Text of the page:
All these negative moves have created despair in the hearts of the people who have now given-up hope that the government may contribute any positive step toward their legitimate demands. The government is not giving a chance for peace or hope and as a result we see violence re-surfacing. The government has abused the calm that was established as a result of the opposition’s initiative and proceeded with clamp downs and settlement of scores with the opposition. Hopes faded after the Amiri speech on National Day that the crisis may be ended by consolidating the relationship between the people and government to initiate a new phase in nation-building under just, equal, secure and stable environment, so we enter the 21st century with all pre- requisites to face challenges.

Despite all this, we sincerely call on the government to listen to the demands of the people for reactivating the constitution, restoring the parliament that was abolished in 1975, forming the supreme judicial council (in accordance with the constitution), allowing freedom of expression, guaranteeing the safety of educational and worship places, offering opportunities for work to those capable and qualified, releasing all teenagers and political prisoners and allowing forcible-exiles to return home. We see that this is the only way to achieve security and stability in the country".


Renewal of the uprising, many injured including Al-Jamri

Bahrain witnessed last night the renewal of uprising as a result of the security forces attempts to crack-down on opposition gatherings. In Nuaim, a district of Manama, the riot police attacked a mass gathering (5 Januaryy 1996) at around 9.20 pm (6.20 GMT), without prior warning. Mr. Hassan Mushaima’a was delivering his speech when the attacking forces fired tear gas and rubber bullets. Clashes erupted and about a hundred people, including Sheikh Abdul Amir Al-Jamri, took refuge in a nearby small house. Half an hour later, the security forces stormed the small house and clashed with the people inside.

Sheikh Al-Jamri was heart when police started beating people in random and began hand-cuffing them. Seyed Ibrahim Al-Alawi (a prominent clergy) was beaten to exhaustion. Al-Jamri attempted to discuss matters with the riot police but these could not speak Arabic. Their chief (A Bahraini by the name Isa Al-Qattan) later appeared on the scene and Sheikh Al-Jamri warned him of the grave consequences and asked for the release of the hundred people who were hand-cuffed. After give and take, this group was released while many others were taken prisoners.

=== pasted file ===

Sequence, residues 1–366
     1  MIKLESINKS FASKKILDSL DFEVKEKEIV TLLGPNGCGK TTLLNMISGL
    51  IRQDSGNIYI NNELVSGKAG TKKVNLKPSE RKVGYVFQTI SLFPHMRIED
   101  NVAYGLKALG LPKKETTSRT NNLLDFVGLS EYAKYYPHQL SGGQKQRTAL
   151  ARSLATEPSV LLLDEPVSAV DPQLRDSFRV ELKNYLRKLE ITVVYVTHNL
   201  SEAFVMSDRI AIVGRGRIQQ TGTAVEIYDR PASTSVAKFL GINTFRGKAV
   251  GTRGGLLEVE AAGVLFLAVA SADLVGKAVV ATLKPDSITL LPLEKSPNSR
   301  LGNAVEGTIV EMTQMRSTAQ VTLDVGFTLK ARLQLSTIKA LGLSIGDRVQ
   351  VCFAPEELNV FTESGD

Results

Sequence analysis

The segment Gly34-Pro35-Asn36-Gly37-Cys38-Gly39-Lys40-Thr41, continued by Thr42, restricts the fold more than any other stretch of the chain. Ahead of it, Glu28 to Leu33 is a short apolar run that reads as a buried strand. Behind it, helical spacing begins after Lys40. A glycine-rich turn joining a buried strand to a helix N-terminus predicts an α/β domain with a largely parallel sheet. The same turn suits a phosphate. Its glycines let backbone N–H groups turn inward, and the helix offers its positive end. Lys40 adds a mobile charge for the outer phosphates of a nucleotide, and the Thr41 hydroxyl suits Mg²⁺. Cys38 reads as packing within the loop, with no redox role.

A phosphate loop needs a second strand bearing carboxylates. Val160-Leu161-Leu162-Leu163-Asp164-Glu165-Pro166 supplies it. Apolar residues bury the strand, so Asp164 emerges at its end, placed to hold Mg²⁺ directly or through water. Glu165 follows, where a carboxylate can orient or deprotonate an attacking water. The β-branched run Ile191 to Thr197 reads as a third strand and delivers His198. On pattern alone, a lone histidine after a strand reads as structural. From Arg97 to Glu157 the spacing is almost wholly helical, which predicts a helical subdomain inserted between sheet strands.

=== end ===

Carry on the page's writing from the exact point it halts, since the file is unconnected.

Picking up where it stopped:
Sheikh Al-Jamri then saw a person outside the house lying face- down in a critical condition. The person was given water and recovered slightly. Asked what happened, the young man (in his night wear) explained that he had nothing to do with the gathering when his house was stormed and he was pulled out from his bed. He suffers from hear conditions and requested to be taken back to his wife who was worried about what happened.

Scores of people were detained and many injuries were reported some of them serious. Seyed Ibrahim Al-Alawi was summoned today to the intelligence department. A loud explosion was heard this morning (6 January 1996) in Sanabis area. The situation is now bound to escalate amid threats from the security forces that they are preparing for a "blood bath".


12 Jan 96: Sheikh Al-Jamri addresses a mass gathering

Security forces attack grand mosque in Qafool
The security forces attacked the grand mosque in Qafool (a district of Manama, the capital) and clashed with people heading for prayers in the evening (around 5.30 pm, 15.30 GMT). This is the second time security forces attack the mosques. On Friday evening, Sheikh Abdul Amir Al-Jamri leads prayers in the grand mosque. Two weeks ago, the chiefs of Manama and Khamis police stations threatened Sheikh Al-Jamri after his refusal to abandon praying in the mosque.

Earlier in the day, at noon, Sheikh Al-Jamri addressed a mass gathering in al-Sadek mosque in Duraz, northwest of Bahrain. He pointed out that